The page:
For his diary entry of February 4, 1864, Colonel Charles S. Wainwright lead off with some personal matters – request for leave, for purposes of supervising recruiting:
Culpeper Court House, February 4, Thursday. On Tuesday I sent up an application to be ordered on recruiting service for twenty days in order that I might look after my party, and took the application up to General [Seth] Williams himself, who kindly spoke to [General John] Sedgwick about it while I was still there. General Sedgwick said that it would have to go up to Washington, but that he would approve it; so Williams recommended me to get a ten-days’ leave meantime, as I wanted to get off at once. This General [John] Newton has given me, and I start tomorrow….
The details of the process sound silly. To take this leave, which was technically in the line of duty, Wainwright received approval for ten days by going to his corps commander. For the longer absence period, officials in Washington had to see the paperwork. Much of this was in place to block abuses seen earlier in the war. And I would add the “silly” process is not far off that used today for key leaders who request leave. Maybe not so silly after all.
On the first of the month the President ordered a draft for 500,000 men to be made on the first of March if the quotas are not filled before that time. This is an increase on his original call, and will give my party a better chance, as some of the districts had nearly filled their quotas on the first call.
Here again is a ready point to compare Federal and Confederate systems in regards to conscription and recruitment.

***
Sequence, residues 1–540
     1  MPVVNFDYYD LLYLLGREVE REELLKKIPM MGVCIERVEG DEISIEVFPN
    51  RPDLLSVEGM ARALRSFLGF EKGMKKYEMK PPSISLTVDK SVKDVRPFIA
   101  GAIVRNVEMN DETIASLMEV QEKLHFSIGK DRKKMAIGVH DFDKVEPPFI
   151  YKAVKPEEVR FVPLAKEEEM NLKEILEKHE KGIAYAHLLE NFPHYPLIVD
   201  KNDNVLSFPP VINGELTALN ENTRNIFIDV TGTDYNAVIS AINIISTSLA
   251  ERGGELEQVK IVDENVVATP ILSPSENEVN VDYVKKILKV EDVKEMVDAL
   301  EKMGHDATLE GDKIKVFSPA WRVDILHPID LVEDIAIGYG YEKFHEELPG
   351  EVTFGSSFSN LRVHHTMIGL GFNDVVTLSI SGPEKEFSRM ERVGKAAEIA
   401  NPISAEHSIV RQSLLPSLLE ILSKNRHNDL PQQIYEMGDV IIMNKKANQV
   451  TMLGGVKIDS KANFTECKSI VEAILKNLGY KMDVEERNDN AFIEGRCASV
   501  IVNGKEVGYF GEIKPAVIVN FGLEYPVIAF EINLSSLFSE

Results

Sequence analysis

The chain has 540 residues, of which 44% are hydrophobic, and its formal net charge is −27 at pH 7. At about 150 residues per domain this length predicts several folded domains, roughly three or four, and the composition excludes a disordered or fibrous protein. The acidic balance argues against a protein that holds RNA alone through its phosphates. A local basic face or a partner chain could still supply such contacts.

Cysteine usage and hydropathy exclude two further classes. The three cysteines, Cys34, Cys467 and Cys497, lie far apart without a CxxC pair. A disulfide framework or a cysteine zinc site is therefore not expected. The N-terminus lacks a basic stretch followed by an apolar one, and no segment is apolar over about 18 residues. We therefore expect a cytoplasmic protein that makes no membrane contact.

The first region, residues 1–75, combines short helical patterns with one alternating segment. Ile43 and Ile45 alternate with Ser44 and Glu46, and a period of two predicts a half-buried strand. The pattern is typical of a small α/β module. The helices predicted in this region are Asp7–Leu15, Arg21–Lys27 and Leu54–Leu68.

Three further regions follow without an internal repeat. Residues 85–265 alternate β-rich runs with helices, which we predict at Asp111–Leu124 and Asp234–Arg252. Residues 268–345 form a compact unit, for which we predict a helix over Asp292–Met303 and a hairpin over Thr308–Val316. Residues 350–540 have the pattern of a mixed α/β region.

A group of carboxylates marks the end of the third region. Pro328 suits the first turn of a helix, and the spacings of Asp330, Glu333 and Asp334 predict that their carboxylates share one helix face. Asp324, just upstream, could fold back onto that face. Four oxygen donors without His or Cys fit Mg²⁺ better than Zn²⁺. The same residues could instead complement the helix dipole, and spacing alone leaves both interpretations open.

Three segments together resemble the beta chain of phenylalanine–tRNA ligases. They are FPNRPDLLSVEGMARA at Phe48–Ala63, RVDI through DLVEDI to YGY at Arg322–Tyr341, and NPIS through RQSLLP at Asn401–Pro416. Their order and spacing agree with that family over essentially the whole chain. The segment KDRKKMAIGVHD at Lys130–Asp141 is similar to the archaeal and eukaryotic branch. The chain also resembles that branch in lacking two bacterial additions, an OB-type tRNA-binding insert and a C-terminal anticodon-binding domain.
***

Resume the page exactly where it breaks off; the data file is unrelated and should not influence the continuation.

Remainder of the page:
I have been a good deal troubled about court-martialing some of my men. Formerly I could hold a garrison court, and General [John] Reynolds used to order my grievous cases before some of the division courts. Now all regimental and garrison courts are done away with; the field officers of each regiment present are to constitute a court for trial of such cases in their own rights as formerly came before these courts. But I have no field officers of any of the regiments to which my batteries belong, except “L” and “H,” and so I cannot hold such courts….
Again, administrative details. But the sort of thing we readers, researchers, and historians need to take into account. The nature of the Army’s organization left Wainwright’s regiment, the 1st New York Light Artillery, was spread out across a couple of theaters. The notion of pulling in field officers to run such courts was impractical. So justice was delayed. Put yourself in the shoes of a soldier accused of a violation. Instead of a quick and speedy trial, the matter lingered overhead. On the flip side, commanders also preferred to prosecute these matters in short order. Particularly with actions that might pick at unit discipline or cohesion.
(Citations from Charles S. Wainwright, A Diary of Battle: The Personal Journals of Colonel Charles S. Wainwright, 1861-1865, edited by Allan Nevins, New York: Da Capo Press, 1998, pages 318-9.)